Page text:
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Fund fees are falling, but there's a catch

Mutual fund expense ratios for the average investor are declining. Morningstar reported last month that the decline is due to investors wising up and moving out of expensive mutual funds into lower-cost funds such as index funds.

According to Morningstar, the average mutual fund charges 1.25 annually, but the weighted average charge (calculated by giving more weight to bigger funds) is only 0.71 percent annually. In addition to expense ratios, funds have hidden costs such as trading fees. Fortunately, these costs are also declining, and Russel Kinnel, Morningstar's director of fund research, tells me a 0.90 percent annual total expense is a reasonable estimate.

While this is all good news, it must first be framed in the context of future market returns. With interest rates unable to decline much more, the 30-year bond bull is over. And the current rich stock market valuations have many predicting they won't last and much lower returns are likely over the next decade.

Second, the news must also be framed in the context of real, after-inflation, returns. That's because the only thing that matters is how spending power will grow over time.

So, let's now take a look at fees as a percentage of expected future market returns over the next decade. We'll assume the portfolio comprises half stocks and half bonds.

Acknowledging that no one knows how markets will perform, a Vanguard paper does offer some insights. The data it provides illustrates an expectation of a 5.7 percent real return for stocks and only about 0.5 percent for bonds. This equates to an overall real return of about 3 percent for the portfolio.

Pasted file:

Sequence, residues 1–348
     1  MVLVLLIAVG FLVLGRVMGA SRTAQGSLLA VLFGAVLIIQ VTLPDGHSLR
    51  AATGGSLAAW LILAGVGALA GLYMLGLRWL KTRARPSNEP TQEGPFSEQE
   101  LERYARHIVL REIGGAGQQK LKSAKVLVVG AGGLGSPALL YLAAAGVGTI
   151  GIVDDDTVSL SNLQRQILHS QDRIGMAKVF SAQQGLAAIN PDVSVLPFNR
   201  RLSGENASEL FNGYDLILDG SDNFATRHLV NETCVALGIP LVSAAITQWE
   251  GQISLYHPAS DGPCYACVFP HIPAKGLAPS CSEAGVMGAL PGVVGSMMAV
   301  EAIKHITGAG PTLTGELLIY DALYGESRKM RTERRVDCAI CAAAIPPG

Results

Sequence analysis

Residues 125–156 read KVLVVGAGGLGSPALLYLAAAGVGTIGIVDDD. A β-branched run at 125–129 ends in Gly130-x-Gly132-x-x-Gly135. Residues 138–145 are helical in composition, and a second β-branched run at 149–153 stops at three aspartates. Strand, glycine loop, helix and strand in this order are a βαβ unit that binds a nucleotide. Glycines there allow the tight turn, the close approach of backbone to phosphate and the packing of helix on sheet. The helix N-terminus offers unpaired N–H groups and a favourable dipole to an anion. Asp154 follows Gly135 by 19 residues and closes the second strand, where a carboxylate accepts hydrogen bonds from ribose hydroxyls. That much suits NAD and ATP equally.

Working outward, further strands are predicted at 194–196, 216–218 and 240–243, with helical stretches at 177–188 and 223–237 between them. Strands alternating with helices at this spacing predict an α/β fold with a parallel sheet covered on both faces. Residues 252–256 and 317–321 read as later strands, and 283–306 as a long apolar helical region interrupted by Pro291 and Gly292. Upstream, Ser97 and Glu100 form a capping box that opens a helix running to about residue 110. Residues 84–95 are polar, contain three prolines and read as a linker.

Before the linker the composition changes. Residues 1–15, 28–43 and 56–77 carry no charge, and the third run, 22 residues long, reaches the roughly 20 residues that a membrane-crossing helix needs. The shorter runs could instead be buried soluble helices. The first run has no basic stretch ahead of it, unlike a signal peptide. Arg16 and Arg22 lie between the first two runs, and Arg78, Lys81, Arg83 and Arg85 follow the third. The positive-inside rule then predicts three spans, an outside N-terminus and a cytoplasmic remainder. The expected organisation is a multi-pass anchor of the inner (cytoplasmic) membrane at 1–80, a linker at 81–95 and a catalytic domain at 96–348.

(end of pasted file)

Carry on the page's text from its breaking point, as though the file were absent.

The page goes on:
William Bernstein, author of the new book Rational Expectations, told me he thinks Vanguard is being overly optimistic. He sees stocks returning closer to a 3 percent annual real return and a negative 1 percent real return on bonds, which equates to only a 1 percent annual real return for the portfolio.

Both Vanguard and Bernstein note the future is always very uncertain. But averaging the 3 percent Vanguard forecast with the 1 percent Bernstein forecast, results in a 2 percent annualized return expectation from this portfolio of half stocks and half bonds.

When framed against more modest expectations of a 2 percent real return, that 0.90 percent in annual total fees estimated by Morningstar doesn't look so low. It actually looks like the average investor is still giving up 45 percent of future expected returns (0.9 divided by 2) while taking on 100% of the risk.

The solution, of course, is to pay lower-than-average fees. Some total stock and bond index funds have expense ratios below 0.10 percent, which means you're giving up only about 5 percent of the real return rather than almost half.

It's a really good thing that expenses are trending down, but framing your fees against realistic expectations of future returns will help you to understand just how important those fees really are.

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    Allan S. Roth is the founder of Wealth Logic, an hourly based financial planning and investment advisory firm that advises clients with portfolios ranging from $10,000 to over $50 million. The author of How a Second Grader Beats Wall Street, Roth teaches investments and behavioral finance at the University of Denver and is a frequent speaker. He is required by law to note that his columns are not meant as specific investment advice, since any advice of that sort would need to take into account such things as each reader's willingness and need to take risk. His columns will specifically avoid the foolishness of predicting the next hot stock or what the stock market will do next month.